Gotta love this country . . .
Two days ago, I set out in my little Kia Magentis, vintage twenty-oh-seven, to navigate the treacherous roads of this country. It is winter, after all, and after a dry spell, it was snowing again, but I had to make this trip. Two hundred seventy kilometres away, in Thunder Bay, there was a seminar in which the government would tell artists and writers about the money they were prepared to give away. Is this a great country or what?
Couldn’t miss that, so I was on the road. The snow-trashed, ice-covered road. I didn’t quite get up to speed, my normal one hundred five klicks an hour. It was, you will remember, a treacherous road. So I held it down to somewhere between ninety and a hundred.
It was sufficient. Sufficient to pass everything on the road. I do so love my little Kia Magentis. Couldn’t do it without the front-wheel drive and the studded tires.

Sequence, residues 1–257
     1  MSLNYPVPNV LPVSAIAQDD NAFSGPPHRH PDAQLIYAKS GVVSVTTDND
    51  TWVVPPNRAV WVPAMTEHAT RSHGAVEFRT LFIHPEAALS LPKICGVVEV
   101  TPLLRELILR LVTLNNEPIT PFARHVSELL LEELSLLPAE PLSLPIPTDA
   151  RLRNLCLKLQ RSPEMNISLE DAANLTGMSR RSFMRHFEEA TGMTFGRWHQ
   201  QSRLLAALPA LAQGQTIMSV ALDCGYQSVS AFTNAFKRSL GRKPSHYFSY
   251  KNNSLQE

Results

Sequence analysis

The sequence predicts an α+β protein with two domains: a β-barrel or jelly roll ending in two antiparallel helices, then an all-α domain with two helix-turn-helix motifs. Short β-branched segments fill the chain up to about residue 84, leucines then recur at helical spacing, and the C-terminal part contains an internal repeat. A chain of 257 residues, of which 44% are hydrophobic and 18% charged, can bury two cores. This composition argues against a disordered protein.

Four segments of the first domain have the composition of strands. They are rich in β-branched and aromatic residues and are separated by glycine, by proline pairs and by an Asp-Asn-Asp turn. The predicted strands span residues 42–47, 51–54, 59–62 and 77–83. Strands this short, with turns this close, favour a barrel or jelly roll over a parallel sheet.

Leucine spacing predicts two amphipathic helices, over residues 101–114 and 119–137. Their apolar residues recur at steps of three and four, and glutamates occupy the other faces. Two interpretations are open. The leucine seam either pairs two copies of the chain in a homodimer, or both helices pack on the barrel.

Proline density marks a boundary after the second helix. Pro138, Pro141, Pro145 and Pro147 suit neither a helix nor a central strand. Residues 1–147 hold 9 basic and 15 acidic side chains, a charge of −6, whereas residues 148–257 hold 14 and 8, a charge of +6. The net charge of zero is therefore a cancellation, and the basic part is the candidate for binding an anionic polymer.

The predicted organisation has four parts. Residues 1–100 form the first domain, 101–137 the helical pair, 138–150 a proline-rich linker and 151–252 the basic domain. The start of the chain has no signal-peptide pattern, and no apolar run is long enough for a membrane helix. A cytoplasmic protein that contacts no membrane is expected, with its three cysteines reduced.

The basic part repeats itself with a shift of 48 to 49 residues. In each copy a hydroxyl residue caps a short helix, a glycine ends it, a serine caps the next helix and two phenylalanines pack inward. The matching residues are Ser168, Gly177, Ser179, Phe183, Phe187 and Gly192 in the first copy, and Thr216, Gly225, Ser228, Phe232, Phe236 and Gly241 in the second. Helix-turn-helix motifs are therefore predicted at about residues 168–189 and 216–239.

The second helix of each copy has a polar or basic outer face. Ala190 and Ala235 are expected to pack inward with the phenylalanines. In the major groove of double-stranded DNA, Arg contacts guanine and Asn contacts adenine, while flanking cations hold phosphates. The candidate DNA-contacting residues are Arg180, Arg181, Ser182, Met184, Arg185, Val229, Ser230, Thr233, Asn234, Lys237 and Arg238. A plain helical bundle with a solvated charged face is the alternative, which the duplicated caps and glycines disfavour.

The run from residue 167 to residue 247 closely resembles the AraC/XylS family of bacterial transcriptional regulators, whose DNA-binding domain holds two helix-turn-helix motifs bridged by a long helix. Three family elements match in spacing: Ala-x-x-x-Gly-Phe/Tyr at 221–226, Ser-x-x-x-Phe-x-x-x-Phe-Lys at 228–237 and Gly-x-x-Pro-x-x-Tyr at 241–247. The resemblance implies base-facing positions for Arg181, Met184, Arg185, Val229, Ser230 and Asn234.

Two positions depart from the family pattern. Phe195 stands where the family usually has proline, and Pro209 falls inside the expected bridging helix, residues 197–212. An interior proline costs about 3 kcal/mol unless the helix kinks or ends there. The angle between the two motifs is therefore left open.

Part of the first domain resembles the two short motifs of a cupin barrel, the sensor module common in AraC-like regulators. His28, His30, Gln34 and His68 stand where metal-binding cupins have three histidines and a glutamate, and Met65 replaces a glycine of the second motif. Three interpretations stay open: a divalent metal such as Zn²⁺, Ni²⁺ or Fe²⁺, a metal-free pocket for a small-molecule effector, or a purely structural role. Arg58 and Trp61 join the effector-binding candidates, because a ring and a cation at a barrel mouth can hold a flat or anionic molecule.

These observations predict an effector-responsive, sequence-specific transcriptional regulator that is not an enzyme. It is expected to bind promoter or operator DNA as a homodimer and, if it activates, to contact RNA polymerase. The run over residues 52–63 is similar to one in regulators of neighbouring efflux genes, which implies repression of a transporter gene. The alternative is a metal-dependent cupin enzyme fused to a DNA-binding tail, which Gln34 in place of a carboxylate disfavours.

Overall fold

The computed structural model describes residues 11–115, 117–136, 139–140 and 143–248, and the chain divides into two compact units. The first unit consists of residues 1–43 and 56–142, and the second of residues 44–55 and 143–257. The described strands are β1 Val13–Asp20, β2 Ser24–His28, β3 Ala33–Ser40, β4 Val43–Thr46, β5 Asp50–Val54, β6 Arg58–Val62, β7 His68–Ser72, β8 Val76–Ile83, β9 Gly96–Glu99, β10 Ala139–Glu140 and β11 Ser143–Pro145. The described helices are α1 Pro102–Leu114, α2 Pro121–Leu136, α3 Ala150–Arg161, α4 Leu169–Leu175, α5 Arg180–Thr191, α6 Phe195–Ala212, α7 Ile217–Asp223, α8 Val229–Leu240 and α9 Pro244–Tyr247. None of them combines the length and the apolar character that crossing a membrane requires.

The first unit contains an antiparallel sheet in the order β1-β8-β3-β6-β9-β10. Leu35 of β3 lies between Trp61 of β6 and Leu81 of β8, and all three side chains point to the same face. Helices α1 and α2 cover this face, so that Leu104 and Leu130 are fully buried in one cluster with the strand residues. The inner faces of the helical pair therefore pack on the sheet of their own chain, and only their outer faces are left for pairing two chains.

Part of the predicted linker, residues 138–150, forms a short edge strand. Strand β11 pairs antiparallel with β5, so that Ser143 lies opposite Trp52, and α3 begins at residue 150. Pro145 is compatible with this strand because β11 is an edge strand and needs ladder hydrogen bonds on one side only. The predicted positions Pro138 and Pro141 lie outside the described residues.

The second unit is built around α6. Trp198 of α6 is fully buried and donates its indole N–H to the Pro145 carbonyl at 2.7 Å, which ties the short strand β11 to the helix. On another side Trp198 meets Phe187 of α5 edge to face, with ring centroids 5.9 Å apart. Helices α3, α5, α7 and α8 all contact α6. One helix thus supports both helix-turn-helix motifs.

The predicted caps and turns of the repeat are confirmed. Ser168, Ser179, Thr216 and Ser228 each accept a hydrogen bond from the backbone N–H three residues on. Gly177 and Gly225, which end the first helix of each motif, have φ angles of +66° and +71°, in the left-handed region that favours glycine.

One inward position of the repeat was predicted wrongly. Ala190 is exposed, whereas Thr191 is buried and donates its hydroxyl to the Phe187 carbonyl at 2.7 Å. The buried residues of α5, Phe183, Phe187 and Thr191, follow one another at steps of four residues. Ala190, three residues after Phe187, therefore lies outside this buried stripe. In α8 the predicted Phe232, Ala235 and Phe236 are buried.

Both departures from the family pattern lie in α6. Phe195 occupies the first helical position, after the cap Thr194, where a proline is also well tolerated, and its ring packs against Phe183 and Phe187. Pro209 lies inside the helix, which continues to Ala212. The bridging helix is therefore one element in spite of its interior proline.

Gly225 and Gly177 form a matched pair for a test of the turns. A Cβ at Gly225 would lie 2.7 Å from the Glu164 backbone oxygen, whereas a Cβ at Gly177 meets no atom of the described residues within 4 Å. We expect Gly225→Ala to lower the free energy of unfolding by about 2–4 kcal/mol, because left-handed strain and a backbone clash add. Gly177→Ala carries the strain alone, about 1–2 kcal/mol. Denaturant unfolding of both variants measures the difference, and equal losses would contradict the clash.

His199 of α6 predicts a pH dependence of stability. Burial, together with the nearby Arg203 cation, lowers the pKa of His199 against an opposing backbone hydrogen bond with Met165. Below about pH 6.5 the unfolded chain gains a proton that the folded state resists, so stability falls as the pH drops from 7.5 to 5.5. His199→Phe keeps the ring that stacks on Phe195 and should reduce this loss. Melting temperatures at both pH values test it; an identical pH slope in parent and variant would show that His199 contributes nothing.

The road was crowded because every driver of a transport and a semi (pronounced SEM-eye, remember?) travelling east or west in this great country was on this road. THIS road. No other. The other option, Highway 17, the North Shore route, across the top of Lake Superior, was either closed – due to the storm – or about to be closed by a transport or a semi in the jackknife configuration. And every driver or a transport or a semi in this great country knew it.
I set out with great confidence and I never lost that confidence and I will never lose that confidence even when, some time in future, I am not driving my little Kia. There is something else entirely which infuses me with confidence on the most treacherous of roads.
Maybe I can tell you what it is, if I try hard, because, after all, I am a writer. And a writer’s ultimate goal – the goal of every painter and musician and dancer and crafter and that blessed being called a writer – is to express the inexpressible.
So this morning, before I woke up, I started thinking about this post.
And I started driving down this treacherous road that I drove down two days ago. And I discovered I was no longer in my little Kia. I was in a pickup truck. And I was no longer the driver. I was the passenger.
And a benign entity was behind the wheel.
[Continued in Chapter 2]